There have been numerous reports recently telling us that the fastest growing age group in the country are those individuals over 90 years of age. Each year as I age I become a stronger and stronger supporter of any advancement that prolongs life. And while we individualize this phenomenon there are some ramifications that directly impact the mortgage industry. One of the most obvious ones are the business opportunities that this provides. While reverse mortgages have been steadily growing in popularity, we can expect to see a greater push in this product as the housing recovery continues. Another opportunity of course is the development and sale of homes in communities that cater to seniors. It is quite reasonable to expect to see growth in this housing segment as more and more baby-boomers reach the age of retirement and look to relocate to warmer climates or move closer to the grandkids. Since these individuals typically dislike working with companies over the phone or through the internet, the move toward Internet lending may leave them looking for someone who will take the face-to-face time to assist them through the mortgage lending process. They will probably not want to send private information on-line or sign documents electronically. Lenders need to be prepared to take some applications the old-fashioned way.
There is a downside to this opportunity as well. Seniors have to sell the houses they have been living in for many years and to which they are very emotionally attached. More than likely they see the value of their property not in terms of market value, but in the value they attach to it. I recently had a conversation with a senior that exemplifies this. This individual was contemplating selling a property and wasn’t sure what its value was so I suggested she get an AVM to give her some idea of what similar properties had sold for. When the value came back she was very disturbed that it was much lower than expected. We went through the comps and for each one she had a reason why her property was worth more. Finally I asked her what she really thought it was worth. She gave me a price that was several hundred thousand more than the AVM value. So I asked her if she were looking for a house in that price range and hers was on the market would she pay that much for it. Her answer was no. So, I asked why she thought it as worth that much. Her reply was simply “Because I have so many good memories here”, and she stated “I am just going to sell it to my son for what I think it is worth.” Then she added, “He can always get some lender to finance it.”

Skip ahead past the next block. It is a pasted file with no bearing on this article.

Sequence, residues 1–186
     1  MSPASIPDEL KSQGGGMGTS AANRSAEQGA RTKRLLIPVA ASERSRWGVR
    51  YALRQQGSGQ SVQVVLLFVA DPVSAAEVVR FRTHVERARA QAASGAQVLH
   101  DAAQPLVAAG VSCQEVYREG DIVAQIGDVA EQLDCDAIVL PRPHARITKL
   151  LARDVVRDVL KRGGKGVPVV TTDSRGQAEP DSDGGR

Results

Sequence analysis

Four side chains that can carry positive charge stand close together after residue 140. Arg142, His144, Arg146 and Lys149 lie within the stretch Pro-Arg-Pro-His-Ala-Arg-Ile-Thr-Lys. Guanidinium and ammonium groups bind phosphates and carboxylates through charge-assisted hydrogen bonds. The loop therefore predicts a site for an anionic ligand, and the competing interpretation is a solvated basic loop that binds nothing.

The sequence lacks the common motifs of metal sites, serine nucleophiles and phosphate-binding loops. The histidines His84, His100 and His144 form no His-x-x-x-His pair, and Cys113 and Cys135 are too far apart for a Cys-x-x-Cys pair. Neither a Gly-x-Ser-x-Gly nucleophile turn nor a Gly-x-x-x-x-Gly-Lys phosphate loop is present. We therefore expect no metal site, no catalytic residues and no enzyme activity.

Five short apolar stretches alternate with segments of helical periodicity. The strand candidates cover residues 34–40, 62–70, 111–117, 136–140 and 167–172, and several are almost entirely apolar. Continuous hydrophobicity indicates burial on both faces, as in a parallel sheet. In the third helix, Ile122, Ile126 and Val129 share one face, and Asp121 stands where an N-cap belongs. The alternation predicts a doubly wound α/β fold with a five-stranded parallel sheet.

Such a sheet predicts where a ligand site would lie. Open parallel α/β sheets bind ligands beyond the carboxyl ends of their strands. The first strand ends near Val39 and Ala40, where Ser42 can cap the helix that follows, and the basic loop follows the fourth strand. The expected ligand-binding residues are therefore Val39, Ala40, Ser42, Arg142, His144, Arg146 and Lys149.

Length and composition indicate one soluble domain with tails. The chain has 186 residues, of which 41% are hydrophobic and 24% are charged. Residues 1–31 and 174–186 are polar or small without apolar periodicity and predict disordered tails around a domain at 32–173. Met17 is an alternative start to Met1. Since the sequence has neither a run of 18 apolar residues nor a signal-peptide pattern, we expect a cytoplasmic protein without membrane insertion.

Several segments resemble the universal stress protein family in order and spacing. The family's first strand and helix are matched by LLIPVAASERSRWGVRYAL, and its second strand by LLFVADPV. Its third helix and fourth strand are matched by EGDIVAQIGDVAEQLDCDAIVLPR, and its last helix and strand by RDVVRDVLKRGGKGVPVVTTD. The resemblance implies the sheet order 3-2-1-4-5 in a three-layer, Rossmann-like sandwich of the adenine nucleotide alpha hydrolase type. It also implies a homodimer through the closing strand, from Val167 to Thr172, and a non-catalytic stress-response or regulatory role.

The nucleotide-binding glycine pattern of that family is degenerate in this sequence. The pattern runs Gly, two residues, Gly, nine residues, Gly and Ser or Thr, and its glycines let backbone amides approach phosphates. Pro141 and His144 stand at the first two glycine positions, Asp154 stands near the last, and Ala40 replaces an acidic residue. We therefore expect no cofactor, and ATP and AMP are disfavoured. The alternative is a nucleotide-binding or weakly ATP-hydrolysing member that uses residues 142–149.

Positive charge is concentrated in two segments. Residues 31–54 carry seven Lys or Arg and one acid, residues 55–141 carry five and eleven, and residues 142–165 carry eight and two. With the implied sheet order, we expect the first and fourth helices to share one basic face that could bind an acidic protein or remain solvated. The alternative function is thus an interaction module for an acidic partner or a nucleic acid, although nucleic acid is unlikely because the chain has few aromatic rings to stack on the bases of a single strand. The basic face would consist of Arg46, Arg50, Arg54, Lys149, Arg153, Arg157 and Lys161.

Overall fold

Understanding the sentimentality of “home” however does not translate into value. Many of the individuals facing this situation are looking to use non arms-length transactions to sell their properties to family members for amounts higher than the actual value of the property and those individuals, so they believe will simply refinance it to get the cash back out. With a proliferation of these transactions, home values in aging communities may very well escalate to unsustainable highs. So, a few words to the wise. Don’t neglect what could be a valuable opportunity; but don’t be blinded so blinded by the opportunity that you ignore value issues. It is time to review and refresh those policies and procedures on non-arms-length transactions so that you don’t find that you have financed a lot of senior sentimentality.
About The Author
rjbWalzak Consulting, Inc. was founded and is led by Rebecca Walzak, a leader in operational risk management programs in all areas of the consumer lending industry. In addition to consulting experience in mortgage banking, student lending and other types of consumer lending, she has hands on practical experience in these organizations as well as having held numerous positions from top to bottom of the consumer lending industry over the past 25 years.